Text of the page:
previous post next post  

The official story on the attack at Karbala last week.

American Forces Press Service

WASHINGTON, Jan. 26, 2007 - Insurgents who attacked the Provincial Joint Coordination Center in Karbala, Iraq, were dressed in U.S. Army-styled combat uniforms and carried U.S.-type weapons, convincing Iraqi checkpoints to allow them passage, military officials released today.

During the Jan. 20 attack, the enemy fighters captured and killed four U.S. soldiers. Another soldier was also killed and three others wounded in the attack on the center, located about 30 miles south of Baghdad.

Local officials and Iraqi and coalition security forces meet at the center to address security needs.

"The precision of the attack, the equipment used and the possible use of explosives to destroy the military vehicles in the compound suggests that the attack was well rehearsed prior to execution," said Army Lt. Col. Scott Bleichwehl, spokesman for Multinational Division Baghdad. "The attackers went straight to where Americans were located in the provincial government facility, bypassing the Iraqi police in the compound."

At about 5 p.m. that day, a convoy consisting of at least five sport utility vehicles entered the Karbala compound and about 12 armed militants attacked the American troops with rifle fire and hand grenades, officials said.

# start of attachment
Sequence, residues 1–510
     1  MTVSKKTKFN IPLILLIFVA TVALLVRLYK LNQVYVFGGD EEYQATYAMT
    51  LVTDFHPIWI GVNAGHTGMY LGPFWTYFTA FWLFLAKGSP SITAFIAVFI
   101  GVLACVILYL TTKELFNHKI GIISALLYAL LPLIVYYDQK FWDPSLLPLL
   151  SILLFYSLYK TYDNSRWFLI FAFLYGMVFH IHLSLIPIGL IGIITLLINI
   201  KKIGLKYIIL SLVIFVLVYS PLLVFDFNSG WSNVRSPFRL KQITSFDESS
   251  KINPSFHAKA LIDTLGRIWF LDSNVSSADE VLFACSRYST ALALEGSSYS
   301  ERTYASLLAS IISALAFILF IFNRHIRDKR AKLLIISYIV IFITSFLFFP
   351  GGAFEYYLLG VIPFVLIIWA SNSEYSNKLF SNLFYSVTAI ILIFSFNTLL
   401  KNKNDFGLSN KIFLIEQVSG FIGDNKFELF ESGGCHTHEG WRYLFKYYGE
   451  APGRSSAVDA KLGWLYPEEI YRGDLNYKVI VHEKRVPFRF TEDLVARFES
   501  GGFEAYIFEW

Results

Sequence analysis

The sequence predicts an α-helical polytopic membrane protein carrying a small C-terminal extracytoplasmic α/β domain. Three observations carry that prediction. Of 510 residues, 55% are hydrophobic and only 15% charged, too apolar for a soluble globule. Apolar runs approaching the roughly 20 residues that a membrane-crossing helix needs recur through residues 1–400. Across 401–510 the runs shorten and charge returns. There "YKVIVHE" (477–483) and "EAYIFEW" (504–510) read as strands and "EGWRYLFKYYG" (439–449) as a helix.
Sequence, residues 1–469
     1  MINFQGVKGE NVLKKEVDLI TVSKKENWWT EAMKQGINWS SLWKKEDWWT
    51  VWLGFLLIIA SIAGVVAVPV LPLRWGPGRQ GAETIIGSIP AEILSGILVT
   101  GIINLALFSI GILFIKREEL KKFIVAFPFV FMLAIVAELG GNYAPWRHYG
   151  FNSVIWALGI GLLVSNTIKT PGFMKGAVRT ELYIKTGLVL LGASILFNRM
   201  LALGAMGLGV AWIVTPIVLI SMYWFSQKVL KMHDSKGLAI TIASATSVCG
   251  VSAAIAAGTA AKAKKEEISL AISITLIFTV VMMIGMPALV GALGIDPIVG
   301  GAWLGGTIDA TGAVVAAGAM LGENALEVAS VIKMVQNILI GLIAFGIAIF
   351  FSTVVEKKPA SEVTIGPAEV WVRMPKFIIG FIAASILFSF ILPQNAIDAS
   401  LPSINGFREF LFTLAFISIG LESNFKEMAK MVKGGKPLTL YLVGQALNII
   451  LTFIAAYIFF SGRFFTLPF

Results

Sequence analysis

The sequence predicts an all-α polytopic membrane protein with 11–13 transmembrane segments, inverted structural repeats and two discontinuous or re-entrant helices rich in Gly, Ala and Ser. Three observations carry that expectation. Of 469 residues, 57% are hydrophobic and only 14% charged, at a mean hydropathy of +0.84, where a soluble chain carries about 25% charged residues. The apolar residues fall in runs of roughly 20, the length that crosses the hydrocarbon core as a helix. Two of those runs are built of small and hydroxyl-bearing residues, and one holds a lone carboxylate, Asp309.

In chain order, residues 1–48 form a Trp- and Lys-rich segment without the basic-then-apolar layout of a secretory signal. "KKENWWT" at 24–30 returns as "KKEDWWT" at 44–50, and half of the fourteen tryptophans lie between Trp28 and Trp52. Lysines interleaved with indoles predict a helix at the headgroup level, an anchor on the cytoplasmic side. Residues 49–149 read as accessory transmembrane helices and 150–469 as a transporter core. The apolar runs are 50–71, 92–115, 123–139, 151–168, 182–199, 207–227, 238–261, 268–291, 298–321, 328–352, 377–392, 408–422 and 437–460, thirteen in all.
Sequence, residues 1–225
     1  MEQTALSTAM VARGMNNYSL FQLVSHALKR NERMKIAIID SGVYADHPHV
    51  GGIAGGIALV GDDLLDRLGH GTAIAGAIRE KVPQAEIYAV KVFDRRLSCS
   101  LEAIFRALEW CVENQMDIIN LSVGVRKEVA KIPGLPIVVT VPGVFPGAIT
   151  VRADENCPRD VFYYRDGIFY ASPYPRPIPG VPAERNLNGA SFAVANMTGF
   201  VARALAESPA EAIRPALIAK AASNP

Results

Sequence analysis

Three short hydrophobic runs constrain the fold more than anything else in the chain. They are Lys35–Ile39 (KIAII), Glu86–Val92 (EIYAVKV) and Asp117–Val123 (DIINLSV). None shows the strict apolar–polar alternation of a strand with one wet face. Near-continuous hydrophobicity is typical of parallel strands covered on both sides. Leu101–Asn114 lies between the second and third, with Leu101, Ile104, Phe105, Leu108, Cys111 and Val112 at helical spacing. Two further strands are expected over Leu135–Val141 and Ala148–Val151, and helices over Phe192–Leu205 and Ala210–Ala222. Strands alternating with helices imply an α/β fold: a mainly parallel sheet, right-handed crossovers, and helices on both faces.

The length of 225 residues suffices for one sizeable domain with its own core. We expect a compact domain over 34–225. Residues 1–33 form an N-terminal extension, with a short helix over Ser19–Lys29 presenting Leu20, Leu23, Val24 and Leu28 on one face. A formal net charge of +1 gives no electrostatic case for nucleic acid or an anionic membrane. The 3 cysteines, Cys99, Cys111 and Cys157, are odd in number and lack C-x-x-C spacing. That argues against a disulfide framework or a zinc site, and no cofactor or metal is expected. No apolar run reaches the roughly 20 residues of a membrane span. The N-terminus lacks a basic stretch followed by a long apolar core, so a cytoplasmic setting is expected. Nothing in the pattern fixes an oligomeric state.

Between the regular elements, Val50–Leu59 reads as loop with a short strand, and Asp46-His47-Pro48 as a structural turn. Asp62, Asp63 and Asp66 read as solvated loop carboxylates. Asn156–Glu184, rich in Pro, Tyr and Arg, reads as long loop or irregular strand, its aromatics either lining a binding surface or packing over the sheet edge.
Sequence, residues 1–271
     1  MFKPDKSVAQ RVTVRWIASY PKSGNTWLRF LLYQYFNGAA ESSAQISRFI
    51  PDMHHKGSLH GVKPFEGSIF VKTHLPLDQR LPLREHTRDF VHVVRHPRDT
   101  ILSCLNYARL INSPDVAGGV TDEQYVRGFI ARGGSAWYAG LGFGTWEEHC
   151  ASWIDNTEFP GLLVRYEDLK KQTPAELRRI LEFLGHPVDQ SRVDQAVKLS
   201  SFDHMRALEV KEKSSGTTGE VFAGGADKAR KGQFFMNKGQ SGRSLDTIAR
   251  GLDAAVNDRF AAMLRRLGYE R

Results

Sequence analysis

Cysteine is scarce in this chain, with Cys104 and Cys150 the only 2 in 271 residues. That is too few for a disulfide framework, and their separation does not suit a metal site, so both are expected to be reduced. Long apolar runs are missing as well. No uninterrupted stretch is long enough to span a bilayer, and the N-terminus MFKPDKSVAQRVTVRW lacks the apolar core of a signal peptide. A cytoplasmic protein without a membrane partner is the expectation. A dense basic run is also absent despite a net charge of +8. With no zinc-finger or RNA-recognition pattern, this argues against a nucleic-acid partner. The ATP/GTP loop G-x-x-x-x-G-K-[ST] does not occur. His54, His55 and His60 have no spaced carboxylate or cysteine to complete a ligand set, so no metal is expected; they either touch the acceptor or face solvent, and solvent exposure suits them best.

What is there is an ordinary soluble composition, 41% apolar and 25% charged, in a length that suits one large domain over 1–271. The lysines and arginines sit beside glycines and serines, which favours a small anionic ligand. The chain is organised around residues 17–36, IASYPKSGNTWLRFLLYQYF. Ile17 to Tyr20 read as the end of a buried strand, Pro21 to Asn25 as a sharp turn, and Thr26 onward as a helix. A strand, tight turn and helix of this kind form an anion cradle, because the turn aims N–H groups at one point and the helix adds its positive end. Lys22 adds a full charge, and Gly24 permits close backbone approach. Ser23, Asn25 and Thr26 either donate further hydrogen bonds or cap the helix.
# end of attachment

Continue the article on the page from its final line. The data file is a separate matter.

One soldier was killed and three others wounded by a hand grenade thrown into the center's main office. Other explosions within the compound destroyed three Humvees.

The attackers withdrew with four captured U.S. soldiers and drove out of the Karbala province into the neighboring Babil province. Iraqi police began trailing the assailants after they drew suspicion at a checkpoint.

Three soldiers were found dead and one fatally wounded, along with five abandoned vehicles, near the town of Mahawil. Two were found handcuffed together in the back of one of the vehicles. The other two were found nearby on the ground. One soldier was found alive but died en route to a nearby hospital. All suffered from gunshot wounds.

Also recovered at the site were U.S. Army-type combat uniforms, boots, radios and a non-U.S. made rifle, officials said.

Officials are investigating the breach in security at the center. "We are looking at all the evidence to determine who or what was responsible for the breakdown in security at the compound and the perpetration of the assault," Bleichwehl said. "Our hearts go out to the families of the fallen warriors from Karbala. They were true heroes who fought to the last."

The names of four of the soldiers have been released. The fifth name is being withheld pending notification of next of kin.

Killed were:

-- Army 1st Lt. Jacob N. Fritz, 25, of Verdon, Neb.;

-- Army Spc. Johnathan B. Chism, 22, of Gonzales, La.;

-- Army Pfc. Shawn P. Falter, 25, of Cortland, N.Y.; and

-- Army Pvt. Johnathon M. Millican, 20, of Trafford, Ala.

The soldiers were assigned to the 2nd Battalion, 377th Parachute Field Artillery Regiment, 4th Brigade Combat Team, 25th Infantry Division, Fort Richardson, Alaska.

(From Multinational Corps Iraq and DoD news releases.)

BTW. It's a war crime. A capital offense. If we catch these guys we can, under international law (the great shibboleth of the MSM) stand 'em in front of a wall and shoot 'em.